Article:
Tag Archives: recovery

New Estimates of the Housing Wealth Effect




A new report from the NBER by Charles W. Calomiris, Stanley D. Longhofer, and William Miles shows that “on average, a single dollar increase in housing wealth raises consumption by between five and eight cents.” If the value of a homeowner’s house rises by one dollar, how much will that homeowner increase spending on consumption? In The Housing Wealth Effect: The Crucial Roles of Demographics, Wealth Distribution, and Wealth Shares (NBER Working Paper No. 17740), authors Charles Calomiris, Stanley Longhofer, and William Miles determine that the impact of… Read More →




Fight of the Century: Keynes vs. Hayek Round Two




An entertaining parody of the mindset of many of today’s economists. Also a great illustration of network externalities.




Outlook: Manufacturing Strength Despite Slow Economy




A host of factors, ranging from the tsunami in Japan to higher oil prices, have conspired to weaken the outlook for the overall U.S. economy, yet the manufacturing sector continues to forge ahead, according to the Manufacturers Alliance/MAPI U.S. Industrial Outlook, a quarterly report that analyzes 27 major industries. “The positive momentum of a 2 percent reduction in payroll taxes this year and 100 percent expensing of equipment and software investments has been more than offset by higher oil prices, and Japanese automakers in the U.S. faced a… Read More →




Leading economic index increases for 24th staight month (1st time in 40 years)




The Conference Board Leading Economic Index® (LEI) for the U.S. increased 0.4 percent in March to 114.1 (2004 = 100), following a 1.0 percent increase in February, and a 0.2 percent increase in January (see graph below). Ataman Ozyildirim, economist at The Conference Board said: “The U.S. LEI continued to increase in March, pointing to strengthening business conditions in the near term. The March increase was led by the interest rate spread and housing permits components, while consumer expectations dropped. The U.S. CEI, a monthly measure of current… Read More →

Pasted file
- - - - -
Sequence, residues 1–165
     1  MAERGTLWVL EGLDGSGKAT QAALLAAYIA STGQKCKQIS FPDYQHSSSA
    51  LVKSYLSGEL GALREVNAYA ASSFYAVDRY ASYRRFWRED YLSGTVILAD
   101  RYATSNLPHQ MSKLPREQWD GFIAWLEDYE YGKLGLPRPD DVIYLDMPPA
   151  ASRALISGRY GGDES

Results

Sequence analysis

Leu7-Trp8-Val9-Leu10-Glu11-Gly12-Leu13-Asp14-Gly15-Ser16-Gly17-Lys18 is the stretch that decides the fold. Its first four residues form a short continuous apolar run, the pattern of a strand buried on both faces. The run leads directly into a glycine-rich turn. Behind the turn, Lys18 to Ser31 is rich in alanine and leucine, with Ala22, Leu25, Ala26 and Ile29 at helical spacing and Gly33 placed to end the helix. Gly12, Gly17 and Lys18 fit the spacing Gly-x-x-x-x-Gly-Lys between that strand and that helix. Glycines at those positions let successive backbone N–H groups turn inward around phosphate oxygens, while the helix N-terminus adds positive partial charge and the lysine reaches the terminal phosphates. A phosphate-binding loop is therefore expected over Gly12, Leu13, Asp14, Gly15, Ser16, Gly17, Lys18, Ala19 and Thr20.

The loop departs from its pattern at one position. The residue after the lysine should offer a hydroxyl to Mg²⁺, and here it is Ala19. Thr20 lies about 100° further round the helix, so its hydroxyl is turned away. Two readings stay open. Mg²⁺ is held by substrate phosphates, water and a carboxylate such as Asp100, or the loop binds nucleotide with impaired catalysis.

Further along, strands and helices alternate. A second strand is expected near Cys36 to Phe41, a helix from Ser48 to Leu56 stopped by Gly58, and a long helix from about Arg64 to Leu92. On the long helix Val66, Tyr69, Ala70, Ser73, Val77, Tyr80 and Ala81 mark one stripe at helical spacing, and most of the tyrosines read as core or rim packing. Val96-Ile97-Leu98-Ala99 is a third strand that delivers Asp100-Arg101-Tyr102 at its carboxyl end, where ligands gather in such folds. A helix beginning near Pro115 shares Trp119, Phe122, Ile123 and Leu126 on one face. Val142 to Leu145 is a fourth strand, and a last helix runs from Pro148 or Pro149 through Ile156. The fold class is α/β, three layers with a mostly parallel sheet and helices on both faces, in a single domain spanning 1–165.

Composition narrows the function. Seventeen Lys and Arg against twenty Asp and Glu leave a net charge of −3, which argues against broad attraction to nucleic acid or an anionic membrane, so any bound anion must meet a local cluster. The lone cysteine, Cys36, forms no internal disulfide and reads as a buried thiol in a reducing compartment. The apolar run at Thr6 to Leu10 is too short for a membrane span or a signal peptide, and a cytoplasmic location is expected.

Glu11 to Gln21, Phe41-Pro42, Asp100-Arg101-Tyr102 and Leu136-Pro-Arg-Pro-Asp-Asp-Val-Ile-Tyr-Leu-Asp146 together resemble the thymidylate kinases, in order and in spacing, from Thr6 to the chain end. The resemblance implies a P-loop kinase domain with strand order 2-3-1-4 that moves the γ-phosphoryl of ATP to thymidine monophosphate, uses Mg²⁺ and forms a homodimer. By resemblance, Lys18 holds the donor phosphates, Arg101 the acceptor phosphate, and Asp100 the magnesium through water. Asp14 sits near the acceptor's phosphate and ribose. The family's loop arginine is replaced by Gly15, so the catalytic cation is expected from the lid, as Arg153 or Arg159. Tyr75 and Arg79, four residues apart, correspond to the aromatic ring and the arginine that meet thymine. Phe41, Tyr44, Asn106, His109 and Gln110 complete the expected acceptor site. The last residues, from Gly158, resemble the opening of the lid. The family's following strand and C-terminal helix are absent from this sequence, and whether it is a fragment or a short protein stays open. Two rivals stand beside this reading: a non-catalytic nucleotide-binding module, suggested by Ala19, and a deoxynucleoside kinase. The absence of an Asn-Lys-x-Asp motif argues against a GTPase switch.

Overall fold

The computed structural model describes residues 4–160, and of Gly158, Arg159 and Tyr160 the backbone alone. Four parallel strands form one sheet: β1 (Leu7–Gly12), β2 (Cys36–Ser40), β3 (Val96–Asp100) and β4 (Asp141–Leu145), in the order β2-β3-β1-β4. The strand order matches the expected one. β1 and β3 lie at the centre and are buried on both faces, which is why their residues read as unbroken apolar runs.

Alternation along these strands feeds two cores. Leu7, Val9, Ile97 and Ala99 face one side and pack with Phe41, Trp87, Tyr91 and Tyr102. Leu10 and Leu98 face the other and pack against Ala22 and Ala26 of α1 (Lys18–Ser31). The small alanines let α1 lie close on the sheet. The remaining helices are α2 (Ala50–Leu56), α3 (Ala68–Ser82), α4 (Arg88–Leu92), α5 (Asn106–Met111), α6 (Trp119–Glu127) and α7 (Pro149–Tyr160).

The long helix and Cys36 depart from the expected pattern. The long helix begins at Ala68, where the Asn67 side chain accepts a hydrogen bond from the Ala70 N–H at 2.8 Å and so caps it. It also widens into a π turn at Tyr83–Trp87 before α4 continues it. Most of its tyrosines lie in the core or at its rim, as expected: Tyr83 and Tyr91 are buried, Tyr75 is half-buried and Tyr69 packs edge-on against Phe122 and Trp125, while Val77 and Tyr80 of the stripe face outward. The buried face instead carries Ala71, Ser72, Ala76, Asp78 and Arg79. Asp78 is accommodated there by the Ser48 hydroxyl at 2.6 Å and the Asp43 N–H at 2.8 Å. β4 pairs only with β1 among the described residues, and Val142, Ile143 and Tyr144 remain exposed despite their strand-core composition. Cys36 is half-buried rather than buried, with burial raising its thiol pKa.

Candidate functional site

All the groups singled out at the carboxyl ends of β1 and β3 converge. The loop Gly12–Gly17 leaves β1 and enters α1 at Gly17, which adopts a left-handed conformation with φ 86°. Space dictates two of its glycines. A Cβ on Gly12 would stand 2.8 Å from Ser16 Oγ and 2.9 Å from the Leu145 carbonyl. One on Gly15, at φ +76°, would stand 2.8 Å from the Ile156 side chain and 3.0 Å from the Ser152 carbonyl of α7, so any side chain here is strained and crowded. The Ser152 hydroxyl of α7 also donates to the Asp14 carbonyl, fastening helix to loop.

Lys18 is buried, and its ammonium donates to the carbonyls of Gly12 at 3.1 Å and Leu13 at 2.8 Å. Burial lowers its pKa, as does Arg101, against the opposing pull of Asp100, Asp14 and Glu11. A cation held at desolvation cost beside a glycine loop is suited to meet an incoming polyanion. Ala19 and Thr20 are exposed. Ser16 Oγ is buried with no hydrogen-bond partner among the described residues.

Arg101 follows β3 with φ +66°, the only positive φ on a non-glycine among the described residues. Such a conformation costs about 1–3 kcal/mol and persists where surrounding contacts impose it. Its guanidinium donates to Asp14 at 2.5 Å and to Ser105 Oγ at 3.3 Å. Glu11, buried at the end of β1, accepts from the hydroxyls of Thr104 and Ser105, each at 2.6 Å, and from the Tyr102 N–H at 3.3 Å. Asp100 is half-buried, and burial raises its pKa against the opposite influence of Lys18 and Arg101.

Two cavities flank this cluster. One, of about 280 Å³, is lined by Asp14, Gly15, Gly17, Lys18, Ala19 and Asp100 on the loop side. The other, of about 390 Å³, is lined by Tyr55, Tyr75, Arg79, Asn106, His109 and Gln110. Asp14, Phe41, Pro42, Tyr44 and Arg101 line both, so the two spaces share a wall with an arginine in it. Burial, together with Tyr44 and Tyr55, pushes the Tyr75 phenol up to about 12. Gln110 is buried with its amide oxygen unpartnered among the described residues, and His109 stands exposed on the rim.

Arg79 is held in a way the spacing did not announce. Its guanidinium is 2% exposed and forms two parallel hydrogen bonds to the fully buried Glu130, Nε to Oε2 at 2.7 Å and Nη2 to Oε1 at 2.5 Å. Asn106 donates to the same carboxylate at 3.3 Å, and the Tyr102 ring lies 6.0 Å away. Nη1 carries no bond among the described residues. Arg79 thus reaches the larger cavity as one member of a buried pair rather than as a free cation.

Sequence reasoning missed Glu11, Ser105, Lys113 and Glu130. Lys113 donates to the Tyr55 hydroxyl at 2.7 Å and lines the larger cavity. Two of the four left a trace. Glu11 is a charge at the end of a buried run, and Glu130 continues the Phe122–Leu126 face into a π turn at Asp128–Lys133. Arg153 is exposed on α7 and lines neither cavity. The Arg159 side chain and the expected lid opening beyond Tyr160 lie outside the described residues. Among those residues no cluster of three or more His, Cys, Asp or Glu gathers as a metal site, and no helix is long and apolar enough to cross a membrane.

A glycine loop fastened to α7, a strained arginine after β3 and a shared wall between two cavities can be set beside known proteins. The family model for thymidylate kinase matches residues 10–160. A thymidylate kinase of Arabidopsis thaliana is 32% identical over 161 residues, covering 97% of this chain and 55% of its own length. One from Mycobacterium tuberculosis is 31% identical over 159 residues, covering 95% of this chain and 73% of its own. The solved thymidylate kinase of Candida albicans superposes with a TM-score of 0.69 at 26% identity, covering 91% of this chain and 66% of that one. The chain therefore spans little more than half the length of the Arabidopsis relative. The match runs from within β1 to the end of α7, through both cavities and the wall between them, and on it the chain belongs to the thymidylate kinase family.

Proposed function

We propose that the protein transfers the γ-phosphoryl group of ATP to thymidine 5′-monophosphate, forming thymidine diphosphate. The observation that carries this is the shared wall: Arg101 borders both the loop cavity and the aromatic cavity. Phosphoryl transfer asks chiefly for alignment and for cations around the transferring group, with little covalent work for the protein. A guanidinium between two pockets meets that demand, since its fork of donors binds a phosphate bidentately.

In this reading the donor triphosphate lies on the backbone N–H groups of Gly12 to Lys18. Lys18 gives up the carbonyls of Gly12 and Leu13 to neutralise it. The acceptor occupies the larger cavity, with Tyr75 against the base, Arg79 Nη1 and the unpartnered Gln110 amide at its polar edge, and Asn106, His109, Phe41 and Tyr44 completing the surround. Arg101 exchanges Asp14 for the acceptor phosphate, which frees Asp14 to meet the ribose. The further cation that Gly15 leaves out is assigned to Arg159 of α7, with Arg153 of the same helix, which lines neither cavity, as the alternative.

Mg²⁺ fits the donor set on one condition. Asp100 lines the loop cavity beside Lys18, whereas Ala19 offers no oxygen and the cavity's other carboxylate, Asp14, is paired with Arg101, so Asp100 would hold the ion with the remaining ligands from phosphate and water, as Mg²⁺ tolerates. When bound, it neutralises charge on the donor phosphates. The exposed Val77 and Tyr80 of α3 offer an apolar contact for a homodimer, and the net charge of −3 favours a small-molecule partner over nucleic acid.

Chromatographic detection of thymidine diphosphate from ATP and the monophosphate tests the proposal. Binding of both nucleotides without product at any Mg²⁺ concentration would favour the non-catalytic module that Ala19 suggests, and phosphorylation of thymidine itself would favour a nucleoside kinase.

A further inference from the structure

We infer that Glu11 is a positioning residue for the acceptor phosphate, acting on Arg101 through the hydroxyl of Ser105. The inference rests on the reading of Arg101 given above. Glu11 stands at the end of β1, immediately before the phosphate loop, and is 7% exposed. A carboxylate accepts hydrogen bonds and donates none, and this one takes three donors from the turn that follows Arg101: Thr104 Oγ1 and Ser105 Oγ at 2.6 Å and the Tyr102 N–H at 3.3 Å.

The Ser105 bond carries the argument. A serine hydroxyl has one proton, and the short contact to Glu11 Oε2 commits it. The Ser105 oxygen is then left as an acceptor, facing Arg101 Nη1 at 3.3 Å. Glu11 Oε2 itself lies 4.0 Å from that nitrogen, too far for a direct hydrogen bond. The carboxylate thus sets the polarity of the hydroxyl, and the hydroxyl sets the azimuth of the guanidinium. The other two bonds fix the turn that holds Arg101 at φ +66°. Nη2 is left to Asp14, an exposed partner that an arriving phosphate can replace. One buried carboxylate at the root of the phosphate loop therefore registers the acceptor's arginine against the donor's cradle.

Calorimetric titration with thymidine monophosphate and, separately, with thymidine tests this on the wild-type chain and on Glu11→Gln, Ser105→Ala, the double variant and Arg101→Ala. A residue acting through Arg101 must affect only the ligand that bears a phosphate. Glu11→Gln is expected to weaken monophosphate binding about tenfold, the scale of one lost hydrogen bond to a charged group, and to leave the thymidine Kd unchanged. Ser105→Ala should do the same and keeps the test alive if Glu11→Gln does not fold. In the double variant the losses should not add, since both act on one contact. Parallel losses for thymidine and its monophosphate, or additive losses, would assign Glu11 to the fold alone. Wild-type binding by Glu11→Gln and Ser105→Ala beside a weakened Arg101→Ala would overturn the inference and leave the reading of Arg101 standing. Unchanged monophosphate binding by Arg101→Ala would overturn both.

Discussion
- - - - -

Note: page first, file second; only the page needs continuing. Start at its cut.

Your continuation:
Improvement still slow in coming




The latest from Bill Conerly (www.conerlyconsulting.com)…




Doing More with Fewer




Excellent post by Mark Perry regarding the increases in worker productivity…  Perry reported last week that real GDP finally increased above its pre-recession level in the fourth quarter of 2010, and the $13.38 trillion of real GDP (2005 dollars) was the highest-ever quarterly output in U.S. history, slightly higher than the previous record of $13.36 trillion in the fourth quarter of 2007 (see top chart above). But here’s what’s really amazing and is illustrated in the bottom chart: The U.S. produced slightly more output in Q4 2010… Read More →




The younger companies are, the more jobs they create, regardless of their size.




The popular perception that small businesses create most of America’s jobs has been the focus of heated debate for three decades. However, the more telling characteristic for predicting job creation is the age of the firm, not its size, according to a new study by John Haltiwanger, Ron Jarmin, and Javier Miranda. In Who Creates Jobs? Small vs. Large vs. Young (NBER Working Paper No. 16300), the researchers conclude that the younger companies are, the more jobs they create, regardless of their size. Of course, all startup firms… Read More →




One small step…




The latest from Bill Conerly: Source: Bill Conerly Consulting (http://businomics.typepad.com)




2010 Business Year in Review




Care to take a guess at the top events affecting businesses in 2010? The struggling economy was voted the top business story of the year by U.S. newspaper editors surveyed by The Associated Press. The rest, as they say, is history. 1. Economy struggles: Climbing out of the deepest recession since the 1930s, the economy grows at a healthy rate in the January-March quarter. Still, the gain comes mainly from companies refilling stockpiles they had let shrink during the recession. The economy can’t sustain the pace. The lingering… Read More →




Commercial real estate indicator is positive




Note:  This index is a leading indicator for new Commercial Real Estate (CRE) investment. From the American Institute of Architects: Firm Billings Rebound in November At 52.0, the AIA’s Architecture Billings Index (ABI) recorded a three point gain from the previous month, and reached its strongest level since December 2007. With ABI scores above the 50 level in two of the past three months, the prospects of a sustainable recovery in design activity are enhanced. This graph shows the Architecture Billings Index since 1996. The index showed expansion… Read More →